Justices Clarence Thomas and Samuel Alito derided the court-created establishment of same-sex marraige this week, highlighting how the concerns that it would be used to malign people of faith have come to fruition.
This week, the high court declined to review a lawsuit against Kim Davis, the Rowan County, Kentucky clerk who was briefly jailed after refusing to issue marriage certificates to same-sex couples, WND reports.
In a joint statement issued Monday, the associate justices wrote that Davis “may have been one of the first victims”of the high court’s “cavalier treatment of religion” when the landmark ruling on same-sex marriage was issued, but that “she will not be the last.”
Thomas refered to Davis as a “devout Christian” who “found herself faced with a choice between her religious beliefs and her job.”
“Due to Obergefell, those with sincerely held religious beliefs concerning marriage will find it increasingly difficult to participate in society without running afoul of Obergefell and its effect on other antidiscrimination laws,” Thomas wrote.
“Moreover, Obergefell enables courts and governments to brand religious adherents who believe that marriage is between one man and one woman as bigots, making their religious liberty concerns that much easier to dismiss.”
However, Thomas and Alito agreed that the Supreme Court should not grant Davis’ appeal, either.
“This petition implicates important questions about the scope of our decision in Obergefell, but it does not cleanly present them,” Thomas wrote.
The Supreme Court’s rejection clears the way for a lawsuit brought by same-sex couples. The 6th U.S. Circuit Court of Appeals has ruled there was a “plausible case” that as a individual she violated their rights.
Davis was appealing a 6th Circuit ruling arguing the law “treats Davis not as one person, but as two: an official and an individual.”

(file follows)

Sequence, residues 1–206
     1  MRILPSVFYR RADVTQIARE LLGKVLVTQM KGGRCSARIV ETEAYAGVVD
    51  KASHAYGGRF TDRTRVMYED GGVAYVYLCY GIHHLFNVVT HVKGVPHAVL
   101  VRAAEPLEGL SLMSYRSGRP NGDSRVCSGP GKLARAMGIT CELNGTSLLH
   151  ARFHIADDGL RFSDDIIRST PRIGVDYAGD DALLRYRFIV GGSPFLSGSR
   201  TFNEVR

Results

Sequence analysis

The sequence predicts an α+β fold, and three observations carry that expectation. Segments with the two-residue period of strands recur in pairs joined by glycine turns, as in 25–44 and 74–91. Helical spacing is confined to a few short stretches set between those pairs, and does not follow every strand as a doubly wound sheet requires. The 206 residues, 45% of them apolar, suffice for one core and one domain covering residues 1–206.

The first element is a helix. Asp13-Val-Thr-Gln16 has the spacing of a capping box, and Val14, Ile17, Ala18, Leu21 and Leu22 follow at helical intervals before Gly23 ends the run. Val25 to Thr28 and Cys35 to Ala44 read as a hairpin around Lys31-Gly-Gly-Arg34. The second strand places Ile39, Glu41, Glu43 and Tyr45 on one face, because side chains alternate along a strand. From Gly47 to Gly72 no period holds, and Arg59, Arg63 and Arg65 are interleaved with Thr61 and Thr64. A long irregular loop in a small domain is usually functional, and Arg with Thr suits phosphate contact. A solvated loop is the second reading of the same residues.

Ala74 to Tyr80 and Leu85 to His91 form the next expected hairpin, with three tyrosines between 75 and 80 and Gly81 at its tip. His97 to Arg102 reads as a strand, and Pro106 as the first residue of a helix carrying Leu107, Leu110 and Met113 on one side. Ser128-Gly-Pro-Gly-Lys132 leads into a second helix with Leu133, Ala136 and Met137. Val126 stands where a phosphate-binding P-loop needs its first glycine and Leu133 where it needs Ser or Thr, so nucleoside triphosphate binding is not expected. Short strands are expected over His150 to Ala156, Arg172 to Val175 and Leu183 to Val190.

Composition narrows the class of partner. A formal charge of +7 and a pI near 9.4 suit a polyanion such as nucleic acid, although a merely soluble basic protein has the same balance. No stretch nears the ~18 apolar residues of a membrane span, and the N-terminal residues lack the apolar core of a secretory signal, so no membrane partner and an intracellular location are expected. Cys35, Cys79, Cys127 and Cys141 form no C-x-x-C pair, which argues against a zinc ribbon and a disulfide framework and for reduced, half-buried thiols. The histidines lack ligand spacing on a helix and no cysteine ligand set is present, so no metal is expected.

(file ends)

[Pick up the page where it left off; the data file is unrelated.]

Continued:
“The doctrine of sovereign immunity shields Davis as an official if, when refusing to issue marriage licenses, she acted on Kentucky’s behalf – but not if she acted on Rowan County’s behalf. And the doctrine of qualified immunity shields Davis as an individual if she didn’t violate plaintiffs’ right to marry or, if she did, if the right wasn’t clearly established when she acted,” the 6th Circuit said.
In his statement on Monday, Thomas explained the implications the court’s ruling on same-sex marriage had on religious liberty.
“Several members of the court noted that the court’s decision would threaten the religious liberty of the many Americans who believe that marriage is a sacred institution between one man and one woman. If the states had been allowed to resolve this question through legislation, they could have included accommodations for those who hold these religious beliefs,” he wrote.
“The court, however, bypassed that democratic process. Worse still, though it briefly acknowledged that those with sincerely held religious objections to same-sex marriage are often ‘decent and honorable’ … the court went on to suggest that those beliefs espoused a bigoted worldview…”
The four justices who had disagreed with the ruling, indeed, “predicted that ‘these … assaults on the character of fair-minded people will have an effect, in society and in court.'”
“Those predictions did not take long to become reality,” he wrote, pointing to Davis’ case.
“When she began her tenure as clerk, Davis’ sincerely held religious beliefs – that marriage exists between one man and one woman – corresponded with the definition of marriage under Kentucky law,” Thomas said.
Davis created a national sensation and enjoyed support from Christians around the country when she stood her ground, including Elizabeth Johnston and her family, who traveled to Rowan County in 2015 to rally behind her as she was jailed.
Davis, at that time, had lobbied for amendments to state law which would have protected her rights to follow her conscience.
“But those efforts were cut short by this court’s decision,” Thomas explained.
“As a result of this court’s alteration of the Constitution, Davis found herself faced with a choice between her religious beliefs and her job. When she chose to follow her faith, and without any statutory protection of her religious beliefs, she was sued almost immediately.”
“Those with sincerely held religious beliefs concerning marriage will find it increasingly difficult to participate society without running afoul of Obergefell and its effect on other antidiscrimination laws,” he warned.
The justice pointed to animosity towards Christians within the courts, including “one member of the Sixth Circuit panel in this case [describing] Davis’ sincerely held religious beliefs as ‘anti-homosexual animus.'”
“Since Obergefell, parties have continually attempted to label people of good will as bigots merely for refusing to alter their religious beliefs in the wake of prevailing orthodoxy,” he said.
Obergefell will only continue to issue “ruinous consequences for religious liberty,” he said.
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